It was 20th-century English novelist E.M. Forster who made the following sage observation: “We must be willing to let go of the life we have planned, so as to have the life that is waiting for us.”
• If you’re a pogonophobe, the rise of hipsterism in recent years is not good news — anyone afraid of beards isn’t going to get far in public these days without confronting one.
• For centuries, the wrinkling of skin on fingers and toes when they soak in water was cause for puzzlement (among those who take the time to wonder about such things, if nobody else). Researchers believe they’ve found the answer: traction. Like the treads on a tire, the wrinkles of wet skin help improve the gripping power of our extremities; for our ancestors, this made it easier to walk and grip objects during wet seasons.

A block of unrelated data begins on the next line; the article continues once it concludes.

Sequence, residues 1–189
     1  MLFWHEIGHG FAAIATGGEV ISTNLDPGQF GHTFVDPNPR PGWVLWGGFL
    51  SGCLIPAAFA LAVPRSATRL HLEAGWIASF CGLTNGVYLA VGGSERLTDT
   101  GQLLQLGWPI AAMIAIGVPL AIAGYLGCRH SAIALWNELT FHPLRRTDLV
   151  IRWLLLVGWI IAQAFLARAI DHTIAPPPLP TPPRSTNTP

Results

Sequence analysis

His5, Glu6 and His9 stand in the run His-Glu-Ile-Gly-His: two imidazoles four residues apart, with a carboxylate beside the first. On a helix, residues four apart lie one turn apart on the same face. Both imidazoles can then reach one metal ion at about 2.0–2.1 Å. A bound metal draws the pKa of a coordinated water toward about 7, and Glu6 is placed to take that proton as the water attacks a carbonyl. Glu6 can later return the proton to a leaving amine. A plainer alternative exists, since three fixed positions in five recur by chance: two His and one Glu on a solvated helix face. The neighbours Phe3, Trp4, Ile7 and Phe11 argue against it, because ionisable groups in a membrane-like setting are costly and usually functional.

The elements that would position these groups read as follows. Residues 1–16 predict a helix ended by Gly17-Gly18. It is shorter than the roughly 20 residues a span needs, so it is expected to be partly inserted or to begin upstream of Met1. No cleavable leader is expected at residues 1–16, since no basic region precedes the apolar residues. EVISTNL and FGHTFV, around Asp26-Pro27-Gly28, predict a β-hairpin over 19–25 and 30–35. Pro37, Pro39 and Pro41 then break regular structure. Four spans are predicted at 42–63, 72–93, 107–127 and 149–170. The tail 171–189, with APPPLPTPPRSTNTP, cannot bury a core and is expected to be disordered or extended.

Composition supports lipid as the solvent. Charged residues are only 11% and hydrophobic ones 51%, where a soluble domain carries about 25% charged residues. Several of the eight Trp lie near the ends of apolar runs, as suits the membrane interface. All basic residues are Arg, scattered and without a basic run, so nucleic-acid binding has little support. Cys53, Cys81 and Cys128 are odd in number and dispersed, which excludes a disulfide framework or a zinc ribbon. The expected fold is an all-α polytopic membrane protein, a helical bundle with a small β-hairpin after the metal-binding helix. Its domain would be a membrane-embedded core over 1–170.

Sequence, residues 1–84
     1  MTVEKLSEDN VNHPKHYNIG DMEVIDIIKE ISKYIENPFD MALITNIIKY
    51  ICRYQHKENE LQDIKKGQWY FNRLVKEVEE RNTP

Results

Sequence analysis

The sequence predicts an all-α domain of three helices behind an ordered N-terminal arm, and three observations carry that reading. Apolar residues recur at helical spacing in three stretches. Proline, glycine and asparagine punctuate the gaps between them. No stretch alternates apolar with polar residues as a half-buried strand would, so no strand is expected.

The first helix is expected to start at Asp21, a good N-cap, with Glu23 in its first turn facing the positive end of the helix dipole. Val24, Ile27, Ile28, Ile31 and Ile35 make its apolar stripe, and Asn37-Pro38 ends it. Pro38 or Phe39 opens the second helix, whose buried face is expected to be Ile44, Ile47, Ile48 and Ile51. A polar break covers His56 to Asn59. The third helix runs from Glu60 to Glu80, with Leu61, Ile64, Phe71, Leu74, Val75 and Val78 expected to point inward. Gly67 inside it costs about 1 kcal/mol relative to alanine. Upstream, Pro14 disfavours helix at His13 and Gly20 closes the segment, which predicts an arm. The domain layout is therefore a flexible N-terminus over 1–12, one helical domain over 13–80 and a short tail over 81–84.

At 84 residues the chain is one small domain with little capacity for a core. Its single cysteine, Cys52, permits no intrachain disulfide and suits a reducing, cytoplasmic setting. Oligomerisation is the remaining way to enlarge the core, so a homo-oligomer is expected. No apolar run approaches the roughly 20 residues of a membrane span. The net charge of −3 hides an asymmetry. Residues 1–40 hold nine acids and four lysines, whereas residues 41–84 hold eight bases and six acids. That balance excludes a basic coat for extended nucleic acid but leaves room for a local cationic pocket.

• You might be surprised to learn that immigration was not a national issue until the late 19th century. Up until 1890, when President Benjamin Harrison declared Ellis Island to be the first federal immigration center, foreigners who wanted to live in America were handled on a state-by-state basis.
• John Sylvan is known as the creator of Keurig coffee pods, used in abundance throughout the world these days. Despite the success of his inventions, however, he refuses to use them himself; he says that he abhors the effect the non-recyclable, non-biodegradable pods have on the environment.
• Of all the actors who have portrayed James Bond in films before 2015, Pierce Brosnan racked up by far the most kills per movie. (The tally for last October’s “Spectre” has not yet been counted.)
Thought for the Day: “It is paradoxical that many educators and parents still differentiate between a time for learning and a time for play without seeing the vital connection between them.” — Leo Buscaglia
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